DWITE '11 R2 #2 - Scratch Card

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Points: 6
Time limit: 1.0s
Memory limit: 64M

Problem type
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DWITE, November 2011, Problem 2

The economically questionable lottery business is making a mass-produced rectangular scratch card. It consists of a grid of hidden upper-case letters; you win by scratching letters so that they form a certain phrase, also consisting of upper-case letters. It might look like this one, where you would like to find the phrase DWITEISAWESOMEHAHA:

DLFKJW
FKIGDT
EKIKSA
WQEDSO
MEHAHA

You would like to mass produce correctly scratched scratch cards, to sell in the black market. To do this, you would like to have a stencil, of the same size as the grid. For example, using this stencil, where . means "scratch" and # means "don't scratch":

.####.
##.##.
.#.#..
.#.#..
......

You obtain the correct solution:

D####W
##I##T
E#I#SA
W#E#SO
MEHAHA

Given a grid of letters and a phrase, you would like to construct a stencil to solve this puzzle. If, in fact, there is no solution, you should output a stencil with letter x for each spot.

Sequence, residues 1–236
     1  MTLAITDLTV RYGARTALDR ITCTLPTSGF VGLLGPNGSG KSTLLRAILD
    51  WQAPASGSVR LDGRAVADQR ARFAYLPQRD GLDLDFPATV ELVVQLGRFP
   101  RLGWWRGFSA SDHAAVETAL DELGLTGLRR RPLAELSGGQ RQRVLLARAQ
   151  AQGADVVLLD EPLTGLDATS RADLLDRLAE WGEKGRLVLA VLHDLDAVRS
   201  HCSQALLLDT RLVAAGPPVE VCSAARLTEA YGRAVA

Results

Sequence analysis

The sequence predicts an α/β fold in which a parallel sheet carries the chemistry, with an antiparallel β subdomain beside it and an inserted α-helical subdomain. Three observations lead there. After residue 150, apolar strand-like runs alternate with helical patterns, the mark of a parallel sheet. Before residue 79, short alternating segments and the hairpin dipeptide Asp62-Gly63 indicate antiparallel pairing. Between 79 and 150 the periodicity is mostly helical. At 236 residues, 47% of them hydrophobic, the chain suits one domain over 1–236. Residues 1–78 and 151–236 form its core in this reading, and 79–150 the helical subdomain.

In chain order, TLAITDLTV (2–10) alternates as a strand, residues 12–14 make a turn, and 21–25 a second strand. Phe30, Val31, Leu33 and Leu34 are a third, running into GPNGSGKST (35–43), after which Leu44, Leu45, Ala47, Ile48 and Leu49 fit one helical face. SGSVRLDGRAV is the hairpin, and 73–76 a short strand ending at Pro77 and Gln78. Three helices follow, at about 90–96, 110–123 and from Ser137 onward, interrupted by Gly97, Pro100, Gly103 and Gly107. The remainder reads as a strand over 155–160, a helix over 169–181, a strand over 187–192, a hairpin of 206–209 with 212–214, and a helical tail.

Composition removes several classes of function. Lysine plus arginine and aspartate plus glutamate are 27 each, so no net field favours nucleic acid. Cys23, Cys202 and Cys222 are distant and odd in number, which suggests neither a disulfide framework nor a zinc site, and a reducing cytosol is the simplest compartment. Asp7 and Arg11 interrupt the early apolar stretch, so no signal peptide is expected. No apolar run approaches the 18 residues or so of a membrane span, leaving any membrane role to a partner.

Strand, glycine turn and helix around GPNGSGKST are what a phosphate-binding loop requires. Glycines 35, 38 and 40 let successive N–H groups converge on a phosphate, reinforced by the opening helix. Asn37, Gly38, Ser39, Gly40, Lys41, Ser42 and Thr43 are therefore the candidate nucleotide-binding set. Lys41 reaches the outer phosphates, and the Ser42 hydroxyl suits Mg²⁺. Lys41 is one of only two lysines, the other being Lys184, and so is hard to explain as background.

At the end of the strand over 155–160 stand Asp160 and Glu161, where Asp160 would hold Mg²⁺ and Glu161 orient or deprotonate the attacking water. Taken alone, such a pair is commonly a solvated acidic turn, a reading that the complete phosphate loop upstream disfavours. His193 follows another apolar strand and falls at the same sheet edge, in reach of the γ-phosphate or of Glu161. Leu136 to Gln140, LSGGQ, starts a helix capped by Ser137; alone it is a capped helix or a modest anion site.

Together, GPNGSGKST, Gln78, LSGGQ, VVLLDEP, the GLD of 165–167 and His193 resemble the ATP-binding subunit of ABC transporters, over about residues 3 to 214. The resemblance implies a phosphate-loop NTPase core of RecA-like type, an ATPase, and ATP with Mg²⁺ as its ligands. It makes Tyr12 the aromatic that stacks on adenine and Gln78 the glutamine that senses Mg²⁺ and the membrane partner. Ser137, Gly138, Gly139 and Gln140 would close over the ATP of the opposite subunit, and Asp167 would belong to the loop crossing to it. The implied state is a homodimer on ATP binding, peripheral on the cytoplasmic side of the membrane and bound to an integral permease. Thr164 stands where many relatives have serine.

The input will contain 5 test cases. Each test case will begin with a line of two space-separated integers 1 \le H, W \le 10, the height and width of the grid. The next H lines will contain W upper-case letters each, describing the grid of letters. The final line of each test case will be a single string of upper-case letters, the solution string.

The output will contain 5 sets of stencils, as described above. You may assume that solutions are unique. Refer to the sample examples for the output format.

Sample Input

5 6
DLFKJW
FKIGDT
EKIKSA
WQEDSO
MEHAHA
DWITEISAWESOMEHAHA
2 2
AB
CD
E

Sample Output

.####.
##.##.
.#.#..
.#.#..
......
xx
xx

Attribution-NonCommercial-ShareAlike 3.0 Unported (CC BY-NC-SA 3.0) Problem Resource: DWITE


Comments


  • 1
    max  commented on Oct. 7, 2017, 1:05 a.m.

    If your code has two occurrences of a letter to choose from, should it always choose to "scratch" out the first occurrence of the letter?


    • 1
      Phoenix1369  commented on Oct. 7, 2017, 1:26 p.m. edited

      You may assume that solutions are unique.

      Edit: Think about what your variable message holds after the execution of your for loop.